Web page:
Last year was nice, but Brad Keselowski doesn’t want to be merely ‘one and done’

04/09/2013 7:25 PM

05/16/2013 5:25 PM

Brad Keselowski spent last year in a competition with Jimmie Johnson.

This year, he’s in competition with history.

“Our team’s motivation is to be able to become an elite team and somewhat of a dynasty,” said Keselowski, who out-pointed Johnson over the last three races last year to win the NASCAR Sprint Cup championship. “In order to have a chance to do that, you have to win more than one.

“We don’t want to be a one-and-done team.”

Keselowski takes another step in his competition with history Saturday night when the Sprint Cup Series visits Texas Motor Speedway for the NRA 500.

“I’m reminded of this quote by Mark Martin when he talked about winning his first race,” Keselowski said before last week’s race at Martinsville Speedway. “He talked about one is great, but you haven’t really made it until you’ve won two. That was race wins, but I feel very similar about that as it pertains to championships. And I think a lot of people on my team feel that way, and that’s our motivation.”

Keselowski could make another kind of history. Last year, he won the championship in a Dodge. This year, he’s in a Ford. Cale Yarborough is the last driver to win back-to-back championships in different makes, in a Chevy in 1977 and an Oldsmobile in 1978.

“That’s not to take anything away from winning one, because that’s a very special accomplishment,” Keselowski said. “But it sure would feel irresponsible to give up on it and not have that drive. I think, if anything, winning a championship makes us more dangerous because it gives us that much more confidence and an ability to self-motivate.”

But there is a long way to go. Keselowski ranks second in the driver standings as he comes to Fort Worth’s 1.5-mile track, where until last November’s race, he had never finished higher than 14th.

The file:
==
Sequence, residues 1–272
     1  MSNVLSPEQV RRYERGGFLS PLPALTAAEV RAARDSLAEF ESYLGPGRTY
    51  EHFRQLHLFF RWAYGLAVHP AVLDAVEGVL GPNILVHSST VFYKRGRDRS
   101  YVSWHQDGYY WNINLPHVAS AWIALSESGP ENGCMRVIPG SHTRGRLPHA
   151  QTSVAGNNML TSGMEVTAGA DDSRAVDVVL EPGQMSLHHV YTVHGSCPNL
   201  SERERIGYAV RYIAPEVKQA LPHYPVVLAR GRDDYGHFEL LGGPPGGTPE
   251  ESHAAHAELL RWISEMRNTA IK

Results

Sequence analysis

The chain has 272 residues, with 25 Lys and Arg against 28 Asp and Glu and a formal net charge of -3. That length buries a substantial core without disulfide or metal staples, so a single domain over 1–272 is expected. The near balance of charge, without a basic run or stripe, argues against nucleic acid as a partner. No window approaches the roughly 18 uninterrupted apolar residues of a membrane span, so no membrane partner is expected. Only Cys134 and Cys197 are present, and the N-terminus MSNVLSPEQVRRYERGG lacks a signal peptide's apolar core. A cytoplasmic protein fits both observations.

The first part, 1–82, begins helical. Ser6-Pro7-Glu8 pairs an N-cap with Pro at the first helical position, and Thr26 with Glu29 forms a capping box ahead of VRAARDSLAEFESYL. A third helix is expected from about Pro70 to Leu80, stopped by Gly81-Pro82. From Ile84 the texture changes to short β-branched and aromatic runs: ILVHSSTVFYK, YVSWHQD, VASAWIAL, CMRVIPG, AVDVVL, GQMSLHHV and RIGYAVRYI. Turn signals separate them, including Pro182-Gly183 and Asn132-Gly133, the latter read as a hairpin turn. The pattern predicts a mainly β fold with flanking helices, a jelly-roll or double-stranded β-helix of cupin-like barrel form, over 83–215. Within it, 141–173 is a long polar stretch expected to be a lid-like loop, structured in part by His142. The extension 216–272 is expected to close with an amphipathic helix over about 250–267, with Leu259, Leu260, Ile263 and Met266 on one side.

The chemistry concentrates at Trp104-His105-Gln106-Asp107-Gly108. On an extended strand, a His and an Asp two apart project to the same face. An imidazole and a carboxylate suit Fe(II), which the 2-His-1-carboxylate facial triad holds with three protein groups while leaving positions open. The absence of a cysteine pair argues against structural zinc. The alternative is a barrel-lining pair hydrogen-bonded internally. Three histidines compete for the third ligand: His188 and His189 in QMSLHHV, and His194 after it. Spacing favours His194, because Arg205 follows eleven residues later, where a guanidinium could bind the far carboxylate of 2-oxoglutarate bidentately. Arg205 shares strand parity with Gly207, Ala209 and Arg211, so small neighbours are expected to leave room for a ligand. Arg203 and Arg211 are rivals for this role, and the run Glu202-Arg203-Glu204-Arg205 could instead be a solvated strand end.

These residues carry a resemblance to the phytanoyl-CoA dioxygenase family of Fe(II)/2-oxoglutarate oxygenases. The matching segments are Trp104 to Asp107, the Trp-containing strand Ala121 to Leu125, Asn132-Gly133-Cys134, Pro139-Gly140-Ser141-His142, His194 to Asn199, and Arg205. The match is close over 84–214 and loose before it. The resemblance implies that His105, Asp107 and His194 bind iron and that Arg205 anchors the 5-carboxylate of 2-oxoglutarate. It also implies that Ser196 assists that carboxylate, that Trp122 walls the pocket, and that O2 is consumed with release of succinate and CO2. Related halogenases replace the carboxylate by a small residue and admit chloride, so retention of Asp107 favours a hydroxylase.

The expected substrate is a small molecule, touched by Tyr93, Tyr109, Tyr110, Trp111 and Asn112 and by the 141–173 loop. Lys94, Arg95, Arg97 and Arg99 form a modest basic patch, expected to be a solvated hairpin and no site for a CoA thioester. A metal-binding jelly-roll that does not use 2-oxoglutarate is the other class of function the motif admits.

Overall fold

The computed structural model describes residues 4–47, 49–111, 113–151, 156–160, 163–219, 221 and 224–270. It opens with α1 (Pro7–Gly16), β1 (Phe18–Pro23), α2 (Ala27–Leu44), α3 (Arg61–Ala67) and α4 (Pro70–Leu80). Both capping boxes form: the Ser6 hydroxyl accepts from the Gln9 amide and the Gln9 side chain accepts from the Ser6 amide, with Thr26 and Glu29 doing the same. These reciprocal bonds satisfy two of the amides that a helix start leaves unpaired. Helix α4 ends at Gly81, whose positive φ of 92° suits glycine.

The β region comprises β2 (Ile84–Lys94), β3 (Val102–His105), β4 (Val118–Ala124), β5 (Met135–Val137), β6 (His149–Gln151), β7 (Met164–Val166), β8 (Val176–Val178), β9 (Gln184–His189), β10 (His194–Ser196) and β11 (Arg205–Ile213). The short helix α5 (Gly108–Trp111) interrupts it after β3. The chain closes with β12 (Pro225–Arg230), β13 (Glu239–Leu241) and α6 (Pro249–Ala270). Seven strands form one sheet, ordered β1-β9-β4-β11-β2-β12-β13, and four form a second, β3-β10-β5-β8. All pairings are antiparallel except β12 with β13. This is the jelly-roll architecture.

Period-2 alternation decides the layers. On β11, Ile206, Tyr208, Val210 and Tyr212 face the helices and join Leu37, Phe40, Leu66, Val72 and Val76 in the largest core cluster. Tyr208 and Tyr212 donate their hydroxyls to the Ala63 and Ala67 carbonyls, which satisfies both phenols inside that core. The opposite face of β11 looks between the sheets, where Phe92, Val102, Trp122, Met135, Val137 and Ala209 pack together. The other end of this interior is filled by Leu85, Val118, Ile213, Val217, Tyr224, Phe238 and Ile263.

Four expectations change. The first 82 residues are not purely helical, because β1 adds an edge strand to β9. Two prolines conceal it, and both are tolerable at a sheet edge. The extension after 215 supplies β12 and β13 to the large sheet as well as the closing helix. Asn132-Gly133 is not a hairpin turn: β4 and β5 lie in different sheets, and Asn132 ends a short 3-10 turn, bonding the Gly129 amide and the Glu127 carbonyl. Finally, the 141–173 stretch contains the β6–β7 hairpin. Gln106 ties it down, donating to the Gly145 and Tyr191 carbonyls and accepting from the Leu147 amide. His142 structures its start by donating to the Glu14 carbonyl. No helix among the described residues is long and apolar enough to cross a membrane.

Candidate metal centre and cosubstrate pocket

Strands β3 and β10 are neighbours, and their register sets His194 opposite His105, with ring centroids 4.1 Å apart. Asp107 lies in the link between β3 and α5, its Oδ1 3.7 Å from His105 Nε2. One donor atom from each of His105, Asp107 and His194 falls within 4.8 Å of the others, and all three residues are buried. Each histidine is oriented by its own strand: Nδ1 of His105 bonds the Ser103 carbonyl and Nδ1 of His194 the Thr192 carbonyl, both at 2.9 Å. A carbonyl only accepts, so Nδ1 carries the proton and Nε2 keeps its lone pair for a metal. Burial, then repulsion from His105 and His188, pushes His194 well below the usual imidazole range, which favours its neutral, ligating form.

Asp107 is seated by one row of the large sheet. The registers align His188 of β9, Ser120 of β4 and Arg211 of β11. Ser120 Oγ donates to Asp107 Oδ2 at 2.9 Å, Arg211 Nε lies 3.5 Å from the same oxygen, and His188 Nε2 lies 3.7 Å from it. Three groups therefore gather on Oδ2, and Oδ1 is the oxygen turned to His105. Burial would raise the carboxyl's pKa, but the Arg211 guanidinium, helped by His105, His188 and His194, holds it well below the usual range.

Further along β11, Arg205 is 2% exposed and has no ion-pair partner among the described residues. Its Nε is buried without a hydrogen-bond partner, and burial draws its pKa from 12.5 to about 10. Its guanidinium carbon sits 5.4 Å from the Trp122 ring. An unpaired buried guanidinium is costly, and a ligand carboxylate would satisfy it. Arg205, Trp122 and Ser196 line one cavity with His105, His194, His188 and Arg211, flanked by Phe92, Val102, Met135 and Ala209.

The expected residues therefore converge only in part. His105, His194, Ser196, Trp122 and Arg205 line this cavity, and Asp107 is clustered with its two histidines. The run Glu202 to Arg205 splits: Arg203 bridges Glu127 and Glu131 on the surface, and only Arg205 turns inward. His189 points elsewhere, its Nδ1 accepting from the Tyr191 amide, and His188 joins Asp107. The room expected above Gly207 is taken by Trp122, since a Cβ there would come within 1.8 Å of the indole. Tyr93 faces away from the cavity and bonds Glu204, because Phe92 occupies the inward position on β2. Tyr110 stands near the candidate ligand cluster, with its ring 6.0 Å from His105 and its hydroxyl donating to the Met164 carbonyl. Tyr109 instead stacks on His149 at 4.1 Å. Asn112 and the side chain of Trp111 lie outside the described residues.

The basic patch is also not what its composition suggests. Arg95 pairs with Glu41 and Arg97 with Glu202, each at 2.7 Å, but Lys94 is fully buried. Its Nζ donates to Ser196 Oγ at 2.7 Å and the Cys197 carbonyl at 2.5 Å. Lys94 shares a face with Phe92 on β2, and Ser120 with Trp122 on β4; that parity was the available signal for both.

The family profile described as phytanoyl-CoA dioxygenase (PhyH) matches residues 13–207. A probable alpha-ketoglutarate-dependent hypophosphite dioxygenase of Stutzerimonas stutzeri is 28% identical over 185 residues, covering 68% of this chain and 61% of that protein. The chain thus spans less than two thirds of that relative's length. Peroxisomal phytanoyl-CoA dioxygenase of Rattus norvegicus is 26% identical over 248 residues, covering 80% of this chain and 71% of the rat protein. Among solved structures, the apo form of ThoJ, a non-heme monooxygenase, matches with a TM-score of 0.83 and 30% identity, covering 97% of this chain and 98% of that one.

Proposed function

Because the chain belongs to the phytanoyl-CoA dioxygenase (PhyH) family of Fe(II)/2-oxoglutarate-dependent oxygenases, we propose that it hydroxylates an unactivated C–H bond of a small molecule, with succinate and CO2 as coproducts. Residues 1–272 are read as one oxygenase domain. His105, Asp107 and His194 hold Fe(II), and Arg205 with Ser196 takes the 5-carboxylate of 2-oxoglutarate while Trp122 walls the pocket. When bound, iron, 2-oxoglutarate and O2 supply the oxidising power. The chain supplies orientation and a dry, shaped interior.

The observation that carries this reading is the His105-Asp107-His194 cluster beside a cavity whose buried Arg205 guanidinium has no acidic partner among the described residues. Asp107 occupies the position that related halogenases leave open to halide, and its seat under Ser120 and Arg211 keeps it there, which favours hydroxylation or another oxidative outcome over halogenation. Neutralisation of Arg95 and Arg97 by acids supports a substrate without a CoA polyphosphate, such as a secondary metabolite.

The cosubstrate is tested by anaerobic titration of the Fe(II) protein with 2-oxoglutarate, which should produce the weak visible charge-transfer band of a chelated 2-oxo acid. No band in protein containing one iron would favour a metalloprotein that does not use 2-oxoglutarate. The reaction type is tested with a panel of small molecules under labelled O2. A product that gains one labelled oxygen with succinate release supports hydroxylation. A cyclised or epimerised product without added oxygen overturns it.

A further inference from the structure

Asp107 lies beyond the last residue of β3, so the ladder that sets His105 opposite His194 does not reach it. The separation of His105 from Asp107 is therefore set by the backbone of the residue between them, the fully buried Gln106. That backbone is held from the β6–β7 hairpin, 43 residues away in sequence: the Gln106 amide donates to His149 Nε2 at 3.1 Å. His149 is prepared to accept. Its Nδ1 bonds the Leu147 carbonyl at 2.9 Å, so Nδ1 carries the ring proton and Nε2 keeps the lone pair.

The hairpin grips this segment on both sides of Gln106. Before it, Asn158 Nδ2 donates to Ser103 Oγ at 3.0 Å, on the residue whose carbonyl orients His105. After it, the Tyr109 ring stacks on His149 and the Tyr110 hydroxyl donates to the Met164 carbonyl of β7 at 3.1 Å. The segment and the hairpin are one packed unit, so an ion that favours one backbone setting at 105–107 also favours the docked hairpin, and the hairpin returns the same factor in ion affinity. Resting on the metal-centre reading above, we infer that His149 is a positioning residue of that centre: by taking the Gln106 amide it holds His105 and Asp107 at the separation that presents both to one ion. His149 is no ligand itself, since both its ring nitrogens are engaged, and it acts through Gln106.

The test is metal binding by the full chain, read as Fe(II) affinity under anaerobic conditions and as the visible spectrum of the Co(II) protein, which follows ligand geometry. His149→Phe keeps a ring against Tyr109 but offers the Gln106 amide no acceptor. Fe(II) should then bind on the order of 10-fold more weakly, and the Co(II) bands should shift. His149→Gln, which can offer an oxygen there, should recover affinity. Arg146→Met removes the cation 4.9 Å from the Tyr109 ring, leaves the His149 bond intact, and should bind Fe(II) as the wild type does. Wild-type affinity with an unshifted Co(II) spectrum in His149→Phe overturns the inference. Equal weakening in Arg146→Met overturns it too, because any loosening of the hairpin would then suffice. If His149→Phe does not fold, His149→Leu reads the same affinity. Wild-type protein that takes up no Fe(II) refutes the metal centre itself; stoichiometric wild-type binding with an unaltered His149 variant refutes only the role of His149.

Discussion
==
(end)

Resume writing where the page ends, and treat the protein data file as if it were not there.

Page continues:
Much can happen between now and November, when the series returns to TMS for its dash to the finish of the Chase. NASCAR veterans have seen it.

“There’s a lot of drivers that race their entire careers, and teams that can’t achieve that,” said veteran Ford owner Jack Roush, who won championships with former drivers Kurt Busch in 2003 and Matt Kenseth in 2004. “It took me so long to win one championship, I never thought I’d ever win a championship. But they’ve really got good people with good resources. It takes the right combination of perseverance, luck and opportunity and really having the right relationship with the other drivers and other teams that will let you have your chance at the sunlight on your day when you’ve got a really good car.”

Roush does not discount Keselowski’s chance at a repeat.

“The Penske team did a nice job with him last year,” Roush said. “He made good decisions on the race track, and if he does that again, I think the Ford stuff, the Ford equipment and the Ford support will be at least as good as Dodge.”

So far, so good. Keselowski started the year with four consecutive top-5s, slipped to 23rd in California, then rallied for sixth last weekend in Martinsville.

“We just have more speed,” he said. “I think our team is one of the best in the garage at executing a race, whether it be strategy or — knock on wood — equipment failures and so forth. My guys do a great job with that, and then from there it’s just a matter of having speed and me not screwing it up. We’ve had a little bit more speed at this time than we’ve ever had and that’s very encouraging, and I think if we can find a little bit more, we could go on a tear and win a bunch of races.

“Everything in this sport is based around speed. That’s your basic building block and from there you have to execute and do all those other things right. We’ve had great execution as a team for the last 16-18 months. Give us some speed and look out.”

Look out for No. 2.

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